The Greater East Asia Co-Prosperity Sphere was a concept created and promulgated during the Shōwa era by the government and military of the Empire of Japan. It represented the desire to create a self-sufficient "block of Asian nations led by the Japanese and free of Western powers".

The Japanese Prime Minister Fumimaro Konoe planned the Sphere in 1940 in an attempt to create a Great East Asia, comprising Japan, Manchukuo, China, and parts of Southeast Asia, that would, according to imperial propaganda, establish a new international order seeking "co prosperity" for Asian countries which would share prosperity and peace, free from Western colonialism and domination. Military goals of this expansion included naval operations in the Indian Ocean and the isolation of Australia.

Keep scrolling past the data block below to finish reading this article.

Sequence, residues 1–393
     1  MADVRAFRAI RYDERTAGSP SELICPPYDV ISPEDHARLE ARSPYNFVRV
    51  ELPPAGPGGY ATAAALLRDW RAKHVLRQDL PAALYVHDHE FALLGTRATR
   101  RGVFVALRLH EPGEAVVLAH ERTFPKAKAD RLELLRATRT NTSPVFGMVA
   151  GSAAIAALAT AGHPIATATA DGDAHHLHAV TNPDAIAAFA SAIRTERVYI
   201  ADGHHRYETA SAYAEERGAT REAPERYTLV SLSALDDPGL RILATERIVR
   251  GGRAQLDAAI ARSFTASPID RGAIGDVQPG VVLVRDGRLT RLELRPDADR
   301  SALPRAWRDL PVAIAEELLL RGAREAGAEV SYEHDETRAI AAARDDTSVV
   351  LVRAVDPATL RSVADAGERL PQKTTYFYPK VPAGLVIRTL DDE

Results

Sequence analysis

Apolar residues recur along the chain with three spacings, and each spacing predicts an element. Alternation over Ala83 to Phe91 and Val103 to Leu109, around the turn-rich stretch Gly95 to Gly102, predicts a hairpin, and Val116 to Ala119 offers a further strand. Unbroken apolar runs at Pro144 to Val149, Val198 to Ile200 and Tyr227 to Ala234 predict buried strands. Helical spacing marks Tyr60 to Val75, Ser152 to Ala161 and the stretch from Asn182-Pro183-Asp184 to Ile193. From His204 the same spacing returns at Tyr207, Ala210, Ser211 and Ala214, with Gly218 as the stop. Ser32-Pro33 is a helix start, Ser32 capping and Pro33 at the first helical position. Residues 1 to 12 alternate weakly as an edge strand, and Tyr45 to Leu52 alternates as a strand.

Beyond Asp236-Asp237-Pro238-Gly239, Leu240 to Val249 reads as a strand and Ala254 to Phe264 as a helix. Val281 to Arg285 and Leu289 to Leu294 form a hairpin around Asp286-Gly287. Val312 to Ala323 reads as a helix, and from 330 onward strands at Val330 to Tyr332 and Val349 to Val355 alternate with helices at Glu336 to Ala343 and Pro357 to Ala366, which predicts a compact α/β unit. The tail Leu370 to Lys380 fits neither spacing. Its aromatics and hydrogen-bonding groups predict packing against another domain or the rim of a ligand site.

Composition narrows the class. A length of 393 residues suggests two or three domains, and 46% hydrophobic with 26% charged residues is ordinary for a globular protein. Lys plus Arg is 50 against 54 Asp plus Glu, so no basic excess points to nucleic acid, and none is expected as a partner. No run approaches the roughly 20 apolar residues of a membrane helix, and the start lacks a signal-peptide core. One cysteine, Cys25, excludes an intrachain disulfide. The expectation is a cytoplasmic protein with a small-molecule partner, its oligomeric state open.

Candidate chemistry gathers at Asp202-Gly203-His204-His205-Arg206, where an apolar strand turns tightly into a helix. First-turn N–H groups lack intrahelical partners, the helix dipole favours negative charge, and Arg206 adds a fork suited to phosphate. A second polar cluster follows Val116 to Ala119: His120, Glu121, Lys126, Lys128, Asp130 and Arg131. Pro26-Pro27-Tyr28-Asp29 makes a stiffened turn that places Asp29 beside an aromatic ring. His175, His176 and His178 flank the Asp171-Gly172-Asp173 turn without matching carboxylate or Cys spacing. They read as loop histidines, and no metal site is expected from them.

This was one of a number of slogans and concepts used in the justification of Japanese aggression in East Asia in the 1930s through the end of World War II. The term "Greater East Asia Co-Prosperity Sphere" is remembered largely as a front for the Japanese control of occupied countries during World War II, in which puppet governments manipulated local populations and economies for the benefit of Imperial Japan.

Greater East Asia Co-Prosperity Sphere in Days of Infamy[]

The Kingdom of Hawaii was officially instated as part of the Greater East Asia Co-Prosperity Sphere in 1942, after Japanese forces took the archipelago following the attack on Pearl Harbor in 1941. Stanley Owana Laanui was installed as a puppet ruler of Hawaii.

Some elderly and more conservative Japanese residents of Hawaii, such as Jiro Takahashi, were satisfied with becoming part of the Co-Prosperity Sphere.

In reality the Co-Prosperity Sphere existed for the benefit of Japan first and foremost.

This all became irrelevant when the USA liberated Hawaii, abolished the one-year-old Kingdom, and forced out the Japanese in 1943.